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Macro Chat
Macro Chat
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Weston NakamuraVisionary
Real Vision Exchange Manager, Programming and Community Engagement

Good question. Regarding commods, you’d have to distinguish between them. Finite ones like gold and maybe even to some extent crude (though not really- and wouldn’t WTI pricing from -$37 → $70 in a year be perhaps not “exponential“ but certainly non linear? I know thats a stupid one off example). For scarce/fixed supply commods with demand like gold should increase in price more or less mirroring the rate in which balance sheet expands. But for commods that you can literally plant and replicate, much less so, no fixed supply. Equities and crypto have fixed supply technically- in fact equities supply was shrinking due to buybacks, m&a, lack of IPOs until recently and that was certainly helping equities ↑. And for other commods, the US wouldn’t necessarily see commod prices ↑ in USD terms because much of it is domestic (energy, agriculture etc) so commods priced in USD wouldn’t see a material (or exponential scale) of change in value. Neither would the rest of the developed world as long as their respective central banks also continue to generally devalue (or appreciate) their respective currencies - not talking about a percent or 2 rate diff or like ECB is doing x-amount of QE and US is doing 1.2x-amount of QE if they’re all just doing trillions upon trillions- one might pull ahead of the other then drop back then ahead again, but they’re all speeding 300mph in the same direction. If you’re importing from the US and you have a horrendously... (More)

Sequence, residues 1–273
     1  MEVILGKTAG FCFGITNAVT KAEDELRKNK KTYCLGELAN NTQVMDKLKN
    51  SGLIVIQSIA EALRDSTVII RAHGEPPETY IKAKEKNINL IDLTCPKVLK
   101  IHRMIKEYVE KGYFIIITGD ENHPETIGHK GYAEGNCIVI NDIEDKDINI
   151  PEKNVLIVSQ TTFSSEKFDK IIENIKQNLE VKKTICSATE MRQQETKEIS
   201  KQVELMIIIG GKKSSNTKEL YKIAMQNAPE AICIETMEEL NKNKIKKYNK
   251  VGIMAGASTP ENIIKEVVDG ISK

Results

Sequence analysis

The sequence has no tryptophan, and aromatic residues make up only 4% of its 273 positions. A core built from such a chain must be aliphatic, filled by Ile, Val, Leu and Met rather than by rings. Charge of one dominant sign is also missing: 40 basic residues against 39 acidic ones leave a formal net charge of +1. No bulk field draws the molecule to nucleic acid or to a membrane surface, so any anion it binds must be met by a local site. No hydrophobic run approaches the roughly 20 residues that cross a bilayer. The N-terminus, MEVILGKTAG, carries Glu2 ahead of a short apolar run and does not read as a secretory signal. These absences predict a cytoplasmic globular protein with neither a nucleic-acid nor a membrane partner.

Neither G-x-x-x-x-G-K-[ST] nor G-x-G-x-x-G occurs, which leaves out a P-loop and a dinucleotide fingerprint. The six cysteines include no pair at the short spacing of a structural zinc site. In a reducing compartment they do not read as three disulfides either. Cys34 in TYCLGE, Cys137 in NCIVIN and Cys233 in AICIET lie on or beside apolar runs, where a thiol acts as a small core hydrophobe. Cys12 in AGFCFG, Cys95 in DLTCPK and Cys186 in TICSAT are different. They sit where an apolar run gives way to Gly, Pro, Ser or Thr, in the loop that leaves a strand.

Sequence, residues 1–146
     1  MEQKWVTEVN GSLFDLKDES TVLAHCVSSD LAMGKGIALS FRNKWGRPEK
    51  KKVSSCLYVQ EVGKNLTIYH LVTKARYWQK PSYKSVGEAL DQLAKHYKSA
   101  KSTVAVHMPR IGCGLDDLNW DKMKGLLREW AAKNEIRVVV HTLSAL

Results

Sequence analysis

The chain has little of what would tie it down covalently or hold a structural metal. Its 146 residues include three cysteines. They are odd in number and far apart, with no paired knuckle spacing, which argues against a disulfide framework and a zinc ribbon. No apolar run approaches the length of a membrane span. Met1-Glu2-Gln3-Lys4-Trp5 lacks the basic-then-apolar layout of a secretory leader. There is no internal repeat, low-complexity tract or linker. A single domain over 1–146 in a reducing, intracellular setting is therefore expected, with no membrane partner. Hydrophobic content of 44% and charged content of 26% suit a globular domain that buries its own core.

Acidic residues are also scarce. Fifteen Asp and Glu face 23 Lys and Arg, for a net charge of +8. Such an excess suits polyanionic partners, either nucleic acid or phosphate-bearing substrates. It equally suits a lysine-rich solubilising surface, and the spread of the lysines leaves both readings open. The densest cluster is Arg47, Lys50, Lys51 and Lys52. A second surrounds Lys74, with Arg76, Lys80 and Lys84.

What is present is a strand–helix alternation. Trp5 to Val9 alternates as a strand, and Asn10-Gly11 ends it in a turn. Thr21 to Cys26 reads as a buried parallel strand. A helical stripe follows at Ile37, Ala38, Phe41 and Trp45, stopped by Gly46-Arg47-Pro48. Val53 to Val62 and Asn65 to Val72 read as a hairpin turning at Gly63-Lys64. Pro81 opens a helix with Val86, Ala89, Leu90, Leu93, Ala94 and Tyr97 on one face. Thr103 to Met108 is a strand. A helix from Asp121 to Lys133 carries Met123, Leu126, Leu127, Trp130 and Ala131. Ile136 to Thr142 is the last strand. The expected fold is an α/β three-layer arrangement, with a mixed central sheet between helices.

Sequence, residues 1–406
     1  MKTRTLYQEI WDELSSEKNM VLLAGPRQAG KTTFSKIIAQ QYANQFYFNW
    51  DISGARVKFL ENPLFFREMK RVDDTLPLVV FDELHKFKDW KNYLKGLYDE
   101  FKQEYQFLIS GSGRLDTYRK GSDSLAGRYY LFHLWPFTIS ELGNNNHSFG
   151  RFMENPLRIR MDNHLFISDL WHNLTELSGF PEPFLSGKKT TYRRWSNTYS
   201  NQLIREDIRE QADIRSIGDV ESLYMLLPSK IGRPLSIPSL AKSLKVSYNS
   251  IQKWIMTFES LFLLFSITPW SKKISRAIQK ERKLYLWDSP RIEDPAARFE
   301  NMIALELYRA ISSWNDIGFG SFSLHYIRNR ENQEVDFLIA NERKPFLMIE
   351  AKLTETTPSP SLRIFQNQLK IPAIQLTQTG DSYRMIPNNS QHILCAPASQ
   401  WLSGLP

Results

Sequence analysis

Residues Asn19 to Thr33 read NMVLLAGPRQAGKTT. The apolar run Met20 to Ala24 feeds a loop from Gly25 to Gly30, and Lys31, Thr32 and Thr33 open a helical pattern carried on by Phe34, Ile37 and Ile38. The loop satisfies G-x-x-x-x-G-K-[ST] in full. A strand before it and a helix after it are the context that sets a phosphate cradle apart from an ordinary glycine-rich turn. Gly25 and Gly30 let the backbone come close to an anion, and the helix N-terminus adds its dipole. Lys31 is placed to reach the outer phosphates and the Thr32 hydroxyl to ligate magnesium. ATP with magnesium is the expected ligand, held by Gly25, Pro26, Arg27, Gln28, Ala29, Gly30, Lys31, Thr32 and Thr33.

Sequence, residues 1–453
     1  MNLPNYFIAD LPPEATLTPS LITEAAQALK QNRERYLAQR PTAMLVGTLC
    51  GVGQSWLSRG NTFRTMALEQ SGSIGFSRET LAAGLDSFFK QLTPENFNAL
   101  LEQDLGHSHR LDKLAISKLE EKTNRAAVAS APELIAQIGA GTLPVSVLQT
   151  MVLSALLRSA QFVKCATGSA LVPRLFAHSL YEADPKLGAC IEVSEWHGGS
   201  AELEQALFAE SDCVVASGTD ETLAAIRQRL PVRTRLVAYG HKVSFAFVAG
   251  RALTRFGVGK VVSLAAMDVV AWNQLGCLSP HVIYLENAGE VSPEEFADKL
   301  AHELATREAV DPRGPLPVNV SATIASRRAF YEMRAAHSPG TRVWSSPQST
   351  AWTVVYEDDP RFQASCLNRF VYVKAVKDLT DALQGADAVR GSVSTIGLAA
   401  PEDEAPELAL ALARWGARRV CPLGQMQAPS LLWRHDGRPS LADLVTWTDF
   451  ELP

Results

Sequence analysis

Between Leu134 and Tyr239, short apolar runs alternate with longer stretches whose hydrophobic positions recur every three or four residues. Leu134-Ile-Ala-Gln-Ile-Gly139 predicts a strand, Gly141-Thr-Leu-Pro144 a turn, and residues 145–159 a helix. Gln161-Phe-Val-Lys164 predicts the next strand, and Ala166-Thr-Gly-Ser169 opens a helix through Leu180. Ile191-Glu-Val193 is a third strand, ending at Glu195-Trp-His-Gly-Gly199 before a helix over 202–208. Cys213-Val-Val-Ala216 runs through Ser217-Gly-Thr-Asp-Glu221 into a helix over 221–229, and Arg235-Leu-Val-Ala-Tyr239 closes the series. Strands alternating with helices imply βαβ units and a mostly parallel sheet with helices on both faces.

Wissam Ali
High Performance Computing Systems Engineer

Understanding which equity sector to invest in

I am posting here two charts from Bridgewater that explain how someone can allocate to equity sectors based on what you think the macro outlook is:

The chart above says the following:

  1. If you believe that we will not have rising rates of economic growth with no rising rates of inflation and ample liquidity, you should invest in Hi-Tech especially software. This is Raoul Pal's thesis.
  2. If you believe that we will have a rising rates of economic growth environment with inflation with no ample liquidity you should be investing in value stocks and the resource sector.

The charts above compares the performance of Tech in 2020 versus value and resource sector in 2021. In 2020 we had the first condition (point number 1) and in 2021 we had the second condition (point number 2).

As investors we need to determine which macro environment we will be in for the next few years. Is it point number 1 or point number 2? This gets tricky for two reasons: A) Government fiscal policy and B) The FED will never stop QE. Julian Brigden's thesis is centered on point number 2 due to fiscal policy and he also believes we will get yield curve control which is another way of saying shit loads of liquidity. In this environment you load your truck with commodities, gold and gold miners.

How this impacts Bitcoin I do not know. I am still trying to assess how the market is assessing bitcoin? If it is an... (More)

Friday's Daily Briefing extendo-jam (please?)

I've watched Friday's DB twice now and speaking as a relative noob, it feels like so much of the conceptual knowledge I've taken in since joining RV is playing out in real time. (i mean, it's always playing out, but there's this convergence across major macro components--dollar, bonds&yields, inflation, commodities, knock-on effects, sector interplay--that feels a bit different in my experience). Any chance @Jack Farley @Nick Correa could do a quick follow-up explainer video and unpack some of this one?

PT Home Depot Associate AMA; by the way, weekly sales for my store is 1.4mil MoM for 5 straight. (post any questions below)